Our Final Day – Terezin

Today is our final day on our TBS Eastern European tour, Walking in the Footsteps of our Czech Torah.  I’ve been asked a number of times if the tour has been everything that I hoped it would be. The answer is an absolute YES+!  From the itinerary, to the participants, to our amazing tour educator, Ron, to all of our tour guides in each of the cities, to experiencing all of the places that I’ve read about and studied for so many years, this tour has been everything and more! I won’t share all of the details at the moment, they will come in sermons and other blog posts, but this is definitely something to be shared over and over again.

This morning, we headed out for a bus to go to Terezin (aka Tereseinstadt, the name given to this place by the Germans).  There are two fortresses in this area. First, the small fortress that was once a prison from the 18th century.  It would continue to serve as a prison for political prisoners  and then later by the Nazis for Jews as well as anyone who went against them.   In its gates is the same message one finds and most camps, Arbeit Macht Frei,  work will make you free, the propaganda message that might give someone a bit of hope.

Terezin was a “model camp”  for when the International Red Cross would want to check to see how the Nazis were treating the prisoners a.k.a. the Jews.   And while these model camps were set up extraordinarily well, there were so many things that the International Red Cross would overlook.  As our guide Ron said, “one does not see what one does not want to see.”  A shaving room complete with porcelain sinks and mirrors were set up in the small fortress however, if one takes a closer look, the sinks are not hooked up to any running water.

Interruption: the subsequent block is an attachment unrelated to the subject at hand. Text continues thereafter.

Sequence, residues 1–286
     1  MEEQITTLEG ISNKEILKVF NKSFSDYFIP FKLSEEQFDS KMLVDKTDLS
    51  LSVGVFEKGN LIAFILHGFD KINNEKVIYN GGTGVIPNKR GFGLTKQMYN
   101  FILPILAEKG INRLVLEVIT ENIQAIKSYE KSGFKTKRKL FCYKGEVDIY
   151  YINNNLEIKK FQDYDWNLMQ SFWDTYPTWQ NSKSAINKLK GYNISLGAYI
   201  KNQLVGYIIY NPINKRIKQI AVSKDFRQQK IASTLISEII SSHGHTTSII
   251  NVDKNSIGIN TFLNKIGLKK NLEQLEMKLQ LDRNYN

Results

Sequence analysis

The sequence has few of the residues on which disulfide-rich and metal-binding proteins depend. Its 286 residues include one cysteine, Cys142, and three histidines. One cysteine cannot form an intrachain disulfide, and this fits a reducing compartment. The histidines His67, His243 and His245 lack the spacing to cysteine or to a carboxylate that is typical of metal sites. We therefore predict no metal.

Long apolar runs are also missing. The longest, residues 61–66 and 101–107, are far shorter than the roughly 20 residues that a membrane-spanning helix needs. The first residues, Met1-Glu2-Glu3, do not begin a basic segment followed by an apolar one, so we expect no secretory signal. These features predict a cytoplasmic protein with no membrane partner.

From the small fortress, we cross the river into the main town of Terezin. Terezin  was built as a fortress in the 1780s as a way to protect the land from the Germans. Before the war it was a garrison town where the population was 3500  Czechs  living together with soldiers. During World War II the Germans decided to use it as a ghetto and move Jewish families into the area and push the Czech  people out.  The camp was known throughout Germany as the ideal of worse places to go and wealthy German Jews paid to be sent to Terezin.  The average lifespan of someone in Terezin  was six months. The camp was simply a labor camp and show camp for the Red Cross. There were 35,000 out of 150,000 inhabitants who died there of hunger or disease, as well as some executions. All others were sent to extermination camps such as Auschwitz six months after their arrival in Terezin.

Terezin  is known for the children’s arts and literature. Children were kept in separate houses and while the adults were out working, they were able to write and draw with supplies that were left by the previous inhabitants of the city. This is how they got all of the color and paper used for these drawings. The drawings were than later hidden till the end of the war and later uncovered by survivors.

There was music, theater, and operas put on throughout the camp.  A Jewish professional filmmaker was ordered to then create a propaganda film to show the world that the Nazis  were taking good care of the Jews.  Children and adults were coached as to exactly what to say when interviewed either on camera or by the International Red Cross who came to visit once.  When the film was completed, the director was sent directly to Auschwitz and murdered.

Terezin  is nothing like I expected it to be. It is a small Garrison city with regular looking buildings that served as barracks  for the Jewish community until they would be sent to the extermination camps. We entered one more courtyard and there on the bottom floor in the back corner was a small hidden synagogue. It was in the space that a cantor painted the walls with words from Psalms and created a secret space for the community to come and pray. Together our group joined in  a final memorial service.

After leaving the hidden synagogue, we walked through the streets and ended up at a small café where we had lunch. It was an ironic dichotomy.  Today, Terezin  has some inhabitants living in the town, some of whom are descendants of the original Czech  families who were forced to leave when the Nazis came in.

In the park as we walked back toward bus there was a sign of hope. A peace pole was erected in the middle of the park as a reminder that we should all hope for peace in our world.